President Stephen Standifird’s June 2 statement to students, which was titled “Bradley University statement regarding racial tensions and violence” was 264 words long, excluding the introduction and signature. The follow-up apology to the statement, issued three days later after students and alumni took to social media to criticize the letter, was 762 words, excluding the introduction and signature.
In the June 5 email, Standifird outlines steps to “creating a more inclusive environment” on Bradley’s campus, namely, a scholarship for Peoria Public School students, the establishment of a Racial Diversity and Inclusion Advisory Group and cosmetic upgrades to the Garrett Center, home to the Office of Diversity and Inclusion.
It strikes us at The Scout ironic how, even in a time in Bradley’s history where the institution is not financially stable due to the COVID-19 pandemic and faced pivotal program prioritization earlier in the year, the university finally put the money where its mouth is and will take monetary steps toward a more inclusive environment.
Did it really take a poorly worded and sparse statement on the state of race in the United States for these steps to finally take place?
Standifird’s tenure as president is young, taking the position as the sole university president on June 1. But to those under him and those who have been in his position before: why couldn’t these steps have been taken sooner? If it was a swift and simple action even during a financial disaster, why wasn’t it done before?
It’s clear the university’s priorities weren’t focused on an inclusive environment in the past as it needed to be, an example of inaction. It’s no secret that the Garrett Center is in need of updates. The second floor of the Garrett Center is inaccessible to anyone who cannot use stairs due to the lack of elevator or wheelchair lift. It needs a larger renovation to truly reflect an ideology of inclusiveness.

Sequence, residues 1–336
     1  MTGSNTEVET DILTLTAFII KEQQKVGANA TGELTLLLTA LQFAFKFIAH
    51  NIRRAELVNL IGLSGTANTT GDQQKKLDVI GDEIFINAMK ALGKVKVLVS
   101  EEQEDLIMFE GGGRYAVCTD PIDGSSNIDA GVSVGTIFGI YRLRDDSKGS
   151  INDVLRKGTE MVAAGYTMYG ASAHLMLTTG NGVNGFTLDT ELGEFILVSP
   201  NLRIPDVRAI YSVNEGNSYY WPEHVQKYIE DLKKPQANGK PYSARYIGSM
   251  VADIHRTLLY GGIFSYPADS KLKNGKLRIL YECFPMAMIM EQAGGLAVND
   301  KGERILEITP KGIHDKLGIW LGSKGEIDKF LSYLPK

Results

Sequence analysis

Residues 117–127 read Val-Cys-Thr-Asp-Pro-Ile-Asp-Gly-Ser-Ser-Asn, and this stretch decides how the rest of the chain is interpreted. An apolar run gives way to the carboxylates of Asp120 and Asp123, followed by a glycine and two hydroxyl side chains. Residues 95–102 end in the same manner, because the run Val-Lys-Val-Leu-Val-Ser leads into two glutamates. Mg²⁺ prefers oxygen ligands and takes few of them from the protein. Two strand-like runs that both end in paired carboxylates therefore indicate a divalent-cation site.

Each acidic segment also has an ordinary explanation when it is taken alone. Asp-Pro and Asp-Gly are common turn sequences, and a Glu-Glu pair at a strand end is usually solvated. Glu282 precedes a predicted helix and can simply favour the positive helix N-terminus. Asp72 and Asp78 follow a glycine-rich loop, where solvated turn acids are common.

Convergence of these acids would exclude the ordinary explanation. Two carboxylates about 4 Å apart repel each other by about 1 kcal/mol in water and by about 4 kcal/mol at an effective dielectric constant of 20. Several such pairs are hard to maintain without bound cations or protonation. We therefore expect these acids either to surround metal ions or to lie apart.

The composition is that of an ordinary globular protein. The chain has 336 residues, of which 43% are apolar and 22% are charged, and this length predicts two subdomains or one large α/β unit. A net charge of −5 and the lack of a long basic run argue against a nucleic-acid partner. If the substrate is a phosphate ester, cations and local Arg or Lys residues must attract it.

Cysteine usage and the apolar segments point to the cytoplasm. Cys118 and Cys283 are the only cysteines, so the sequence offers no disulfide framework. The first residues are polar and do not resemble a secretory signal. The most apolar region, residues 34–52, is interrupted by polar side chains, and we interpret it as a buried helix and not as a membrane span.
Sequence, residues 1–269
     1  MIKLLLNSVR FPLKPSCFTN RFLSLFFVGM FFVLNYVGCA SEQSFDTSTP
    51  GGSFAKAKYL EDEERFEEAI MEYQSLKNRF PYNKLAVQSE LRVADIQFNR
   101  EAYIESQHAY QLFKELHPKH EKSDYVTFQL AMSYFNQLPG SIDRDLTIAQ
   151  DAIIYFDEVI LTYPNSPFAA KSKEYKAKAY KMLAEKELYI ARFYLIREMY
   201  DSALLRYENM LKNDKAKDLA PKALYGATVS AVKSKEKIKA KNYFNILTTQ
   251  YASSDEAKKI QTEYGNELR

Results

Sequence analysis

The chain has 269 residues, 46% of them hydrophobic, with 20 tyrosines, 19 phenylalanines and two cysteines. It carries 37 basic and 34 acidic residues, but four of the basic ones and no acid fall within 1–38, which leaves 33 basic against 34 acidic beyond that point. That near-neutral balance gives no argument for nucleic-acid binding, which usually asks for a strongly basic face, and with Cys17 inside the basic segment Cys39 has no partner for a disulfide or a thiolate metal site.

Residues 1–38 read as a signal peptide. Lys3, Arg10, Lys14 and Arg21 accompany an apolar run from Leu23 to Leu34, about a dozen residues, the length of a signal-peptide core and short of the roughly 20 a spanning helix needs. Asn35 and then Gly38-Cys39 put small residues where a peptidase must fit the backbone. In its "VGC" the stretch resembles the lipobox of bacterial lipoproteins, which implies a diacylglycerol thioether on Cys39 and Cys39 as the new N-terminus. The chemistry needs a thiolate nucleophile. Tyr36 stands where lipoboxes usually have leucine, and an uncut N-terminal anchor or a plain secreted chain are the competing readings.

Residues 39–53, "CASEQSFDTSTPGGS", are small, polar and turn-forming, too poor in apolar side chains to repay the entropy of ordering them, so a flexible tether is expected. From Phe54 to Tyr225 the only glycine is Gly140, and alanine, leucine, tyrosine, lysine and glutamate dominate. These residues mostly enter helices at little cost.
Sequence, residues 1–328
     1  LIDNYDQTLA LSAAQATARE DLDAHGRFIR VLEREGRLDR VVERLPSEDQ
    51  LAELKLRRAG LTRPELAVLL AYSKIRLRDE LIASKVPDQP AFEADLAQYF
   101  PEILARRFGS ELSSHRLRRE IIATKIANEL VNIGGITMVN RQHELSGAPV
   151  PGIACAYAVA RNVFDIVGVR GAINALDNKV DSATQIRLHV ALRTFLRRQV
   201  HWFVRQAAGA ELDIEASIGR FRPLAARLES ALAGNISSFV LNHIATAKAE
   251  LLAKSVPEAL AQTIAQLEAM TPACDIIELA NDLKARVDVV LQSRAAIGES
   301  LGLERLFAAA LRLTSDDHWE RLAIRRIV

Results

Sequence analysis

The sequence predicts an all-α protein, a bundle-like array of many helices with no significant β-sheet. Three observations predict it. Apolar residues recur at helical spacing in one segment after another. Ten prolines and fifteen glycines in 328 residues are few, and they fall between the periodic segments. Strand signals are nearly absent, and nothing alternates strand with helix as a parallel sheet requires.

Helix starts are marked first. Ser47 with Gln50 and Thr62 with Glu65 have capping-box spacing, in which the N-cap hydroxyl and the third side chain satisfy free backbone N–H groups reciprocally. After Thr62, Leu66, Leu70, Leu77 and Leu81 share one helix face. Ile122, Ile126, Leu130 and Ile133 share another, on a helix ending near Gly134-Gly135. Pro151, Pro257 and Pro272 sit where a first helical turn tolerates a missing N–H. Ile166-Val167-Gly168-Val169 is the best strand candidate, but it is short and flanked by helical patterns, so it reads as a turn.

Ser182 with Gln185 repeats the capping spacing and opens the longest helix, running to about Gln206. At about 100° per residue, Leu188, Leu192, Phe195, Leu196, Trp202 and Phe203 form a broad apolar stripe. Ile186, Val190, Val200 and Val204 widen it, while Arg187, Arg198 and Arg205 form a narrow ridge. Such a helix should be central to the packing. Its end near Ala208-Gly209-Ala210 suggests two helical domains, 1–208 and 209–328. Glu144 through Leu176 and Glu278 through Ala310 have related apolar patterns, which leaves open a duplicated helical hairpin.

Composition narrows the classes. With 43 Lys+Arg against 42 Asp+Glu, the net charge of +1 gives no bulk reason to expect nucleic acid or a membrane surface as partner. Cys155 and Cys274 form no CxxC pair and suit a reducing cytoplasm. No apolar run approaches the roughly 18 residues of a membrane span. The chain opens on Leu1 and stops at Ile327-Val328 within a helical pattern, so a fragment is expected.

Creating an advisory group is also a sufficient step to involve students and alumni, but why wasn’t a group put into place sooner? Will it even affect the administration’s decision making?
If done over, it may have been smart to include these steps toward inclusivity in the original statement and switch the word counts of each letter. Though Standifird vows these are only the first steps, they are small in comparison to the work that needs to be done to obtain a strong state of inclusivity on Bradley’s campus.
It’s progression nonetheless, but at university founded by someone who made leaps and bounds as a female pioneer of business and education–someone president Standifird certainly recognizes as an “icon”–shouldn’t the standard of progressivism be higher here on the Hilltop than most universities?
Either we’re overrating Lydia’s legacy or lacking the effort to reach the level she set.
Whether the statement of President Standifird’s will be followed up with the said promise of action with follow-up, it is clear that students of the present, past and future are watching and will hold officials accountable for their words.
To the leaders of this university: the ball is in your court. Listen for suggestions and deliver impactful and pioneering action.